The AIDS prevention magic show: avoiding the tragic with magic.
Advanced Search
Select up to three search categories and corresponding keywords using the fields to the right. Refer to the Help section for more detailed instructions.
 
 
Help
Clear All
i


The AIDS prevention magic show: avoiding the tragic with magic.

  • 1994 Mar-Apr

  • Source: Public Health Rep. 109(2):162-167
Filetype[PDF-1.02 MB]


  • English

  • Details:

    • Alternative Title:
      Public Health Rep
    • Personal Author:
    • Description:
      Teenagers are a crucial target group for interventions concerning acquired immunodeficiency syndrome (AIDS) and human immunodeficiency virus (HIV). Experimenting with their burgeoning sexuality and increased ability to obtain drugs, they are prime candidates for AIDS prevention and education strategies. The intervention described in this paper is a 30-minute magic show, presented by Cyrus (or Iris) the Virus, a sinister but entertaining character portrayed by any health educator willing to spend a few hours learning the magic tricks. The tricks explain why sharing needles and choosing sexual partners based on appearance alone can result in AIDS. Cyrus also uses magic to communicate the ways that AIDS is not transmitted, how to refuse sex, and how to use condoms correctly. The show, as well as increasing the audience's knowledge about HIV, attempts to induce behavioral change by increasing participants' perceived self-efficacy--a predictor of healthful behavior. Still in its pilot phase, the show has been seen by 281 students ages 10-15 years. Viewers rate the show highly, and preliminary analysis suggests that perceived self-efficacy has been significantly improved.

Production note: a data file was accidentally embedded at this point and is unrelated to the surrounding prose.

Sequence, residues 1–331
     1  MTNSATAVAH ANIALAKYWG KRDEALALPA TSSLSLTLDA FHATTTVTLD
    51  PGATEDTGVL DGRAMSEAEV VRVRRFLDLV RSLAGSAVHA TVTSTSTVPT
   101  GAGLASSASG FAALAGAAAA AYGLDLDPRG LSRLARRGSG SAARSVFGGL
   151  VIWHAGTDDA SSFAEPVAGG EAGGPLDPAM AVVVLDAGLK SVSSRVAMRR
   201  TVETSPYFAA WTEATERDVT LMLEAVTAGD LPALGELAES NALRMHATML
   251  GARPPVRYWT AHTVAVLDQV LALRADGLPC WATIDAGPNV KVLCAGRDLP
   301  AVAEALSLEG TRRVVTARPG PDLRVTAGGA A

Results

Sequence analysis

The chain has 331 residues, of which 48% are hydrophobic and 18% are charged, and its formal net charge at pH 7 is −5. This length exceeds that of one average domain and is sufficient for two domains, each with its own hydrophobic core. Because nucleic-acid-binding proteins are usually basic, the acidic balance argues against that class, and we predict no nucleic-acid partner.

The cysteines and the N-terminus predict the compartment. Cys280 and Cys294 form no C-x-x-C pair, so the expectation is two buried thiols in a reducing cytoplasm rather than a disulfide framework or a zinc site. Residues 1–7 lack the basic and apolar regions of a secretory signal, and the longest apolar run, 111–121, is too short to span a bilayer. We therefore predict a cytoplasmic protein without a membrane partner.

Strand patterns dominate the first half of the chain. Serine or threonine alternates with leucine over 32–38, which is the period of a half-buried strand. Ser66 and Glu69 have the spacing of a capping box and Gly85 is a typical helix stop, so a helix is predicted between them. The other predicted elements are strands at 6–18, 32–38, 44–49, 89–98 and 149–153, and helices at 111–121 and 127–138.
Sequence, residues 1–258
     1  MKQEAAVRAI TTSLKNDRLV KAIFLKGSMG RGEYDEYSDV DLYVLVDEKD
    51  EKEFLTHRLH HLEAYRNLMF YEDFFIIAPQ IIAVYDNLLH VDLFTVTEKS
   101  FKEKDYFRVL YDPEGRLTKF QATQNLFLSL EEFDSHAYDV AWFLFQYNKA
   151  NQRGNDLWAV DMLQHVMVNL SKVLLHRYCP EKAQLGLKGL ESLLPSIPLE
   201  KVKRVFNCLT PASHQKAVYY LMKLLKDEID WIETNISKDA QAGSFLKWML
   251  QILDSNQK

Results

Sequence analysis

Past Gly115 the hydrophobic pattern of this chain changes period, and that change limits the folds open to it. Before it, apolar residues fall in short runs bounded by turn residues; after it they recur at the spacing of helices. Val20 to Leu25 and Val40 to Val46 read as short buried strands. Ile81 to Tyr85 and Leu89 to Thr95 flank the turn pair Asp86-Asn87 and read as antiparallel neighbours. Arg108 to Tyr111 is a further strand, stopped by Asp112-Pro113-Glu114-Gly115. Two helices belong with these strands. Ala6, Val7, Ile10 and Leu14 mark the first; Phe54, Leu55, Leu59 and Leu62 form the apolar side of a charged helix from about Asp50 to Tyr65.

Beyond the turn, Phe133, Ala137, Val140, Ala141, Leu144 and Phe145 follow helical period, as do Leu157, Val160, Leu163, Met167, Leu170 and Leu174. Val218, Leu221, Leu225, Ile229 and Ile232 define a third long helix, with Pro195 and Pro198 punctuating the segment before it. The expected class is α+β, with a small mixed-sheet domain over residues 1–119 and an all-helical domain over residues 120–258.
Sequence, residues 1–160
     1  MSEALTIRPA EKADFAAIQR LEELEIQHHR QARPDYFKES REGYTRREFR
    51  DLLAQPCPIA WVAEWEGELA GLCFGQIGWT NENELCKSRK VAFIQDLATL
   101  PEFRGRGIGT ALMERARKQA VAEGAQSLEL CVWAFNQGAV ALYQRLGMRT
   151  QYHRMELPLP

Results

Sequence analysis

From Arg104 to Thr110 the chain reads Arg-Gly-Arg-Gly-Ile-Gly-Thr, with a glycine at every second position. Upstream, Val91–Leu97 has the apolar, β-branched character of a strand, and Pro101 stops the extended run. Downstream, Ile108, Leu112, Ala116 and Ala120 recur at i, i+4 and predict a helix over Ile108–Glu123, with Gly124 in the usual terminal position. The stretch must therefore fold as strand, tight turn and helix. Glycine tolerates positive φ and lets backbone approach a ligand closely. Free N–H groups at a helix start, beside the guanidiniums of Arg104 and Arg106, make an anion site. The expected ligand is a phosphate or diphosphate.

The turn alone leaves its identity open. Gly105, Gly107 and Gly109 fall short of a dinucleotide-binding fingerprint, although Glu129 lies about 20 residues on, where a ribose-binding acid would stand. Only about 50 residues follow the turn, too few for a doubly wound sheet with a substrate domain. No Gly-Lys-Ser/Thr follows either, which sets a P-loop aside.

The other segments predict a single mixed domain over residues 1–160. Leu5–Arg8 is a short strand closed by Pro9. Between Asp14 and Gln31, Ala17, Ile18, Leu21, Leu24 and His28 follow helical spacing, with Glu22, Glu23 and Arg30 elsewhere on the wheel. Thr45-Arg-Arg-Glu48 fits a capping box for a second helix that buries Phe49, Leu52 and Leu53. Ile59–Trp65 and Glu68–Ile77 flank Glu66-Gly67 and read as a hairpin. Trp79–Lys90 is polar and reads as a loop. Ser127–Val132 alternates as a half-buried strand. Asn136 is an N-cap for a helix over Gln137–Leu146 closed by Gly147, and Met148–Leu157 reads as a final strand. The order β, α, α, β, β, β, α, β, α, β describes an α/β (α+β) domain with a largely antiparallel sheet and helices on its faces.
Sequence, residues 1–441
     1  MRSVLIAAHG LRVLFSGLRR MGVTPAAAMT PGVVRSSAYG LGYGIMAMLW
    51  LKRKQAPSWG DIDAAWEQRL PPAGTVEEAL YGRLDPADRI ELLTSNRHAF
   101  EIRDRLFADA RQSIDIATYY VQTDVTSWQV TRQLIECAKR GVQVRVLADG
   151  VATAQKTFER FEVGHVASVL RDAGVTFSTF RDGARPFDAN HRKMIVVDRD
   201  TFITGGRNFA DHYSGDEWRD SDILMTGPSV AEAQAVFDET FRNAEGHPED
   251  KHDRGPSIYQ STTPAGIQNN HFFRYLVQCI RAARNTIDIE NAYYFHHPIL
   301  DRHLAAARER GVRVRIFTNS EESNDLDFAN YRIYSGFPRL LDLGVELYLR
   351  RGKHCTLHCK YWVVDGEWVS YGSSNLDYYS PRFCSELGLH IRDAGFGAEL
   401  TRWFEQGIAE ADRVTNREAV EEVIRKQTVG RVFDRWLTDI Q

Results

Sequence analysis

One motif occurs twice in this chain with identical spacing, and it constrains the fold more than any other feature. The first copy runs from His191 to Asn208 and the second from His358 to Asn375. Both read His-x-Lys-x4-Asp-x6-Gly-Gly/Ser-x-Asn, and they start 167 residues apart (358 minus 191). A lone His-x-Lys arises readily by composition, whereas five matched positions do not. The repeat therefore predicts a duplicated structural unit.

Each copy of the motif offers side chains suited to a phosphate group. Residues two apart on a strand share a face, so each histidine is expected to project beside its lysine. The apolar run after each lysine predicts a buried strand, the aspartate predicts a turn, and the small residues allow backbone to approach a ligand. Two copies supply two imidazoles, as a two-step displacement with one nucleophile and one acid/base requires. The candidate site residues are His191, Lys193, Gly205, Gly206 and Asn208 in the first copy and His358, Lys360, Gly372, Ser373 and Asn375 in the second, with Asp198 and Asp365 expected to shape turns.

• Source:
      Public Health Rep. 109(2):162-167
    • Pubmed ID:
      8153267
    • Pubmed Central ID:
      PMCnull
    • Document Type:
    • Place as Subject:
    • Main Document Checksum:
    • File Type:

    Supporting Files

    • No Additional Files

    More +

    Related Documents

    You May Also Like

    Checkout today's featured content at stacks.cdc.gov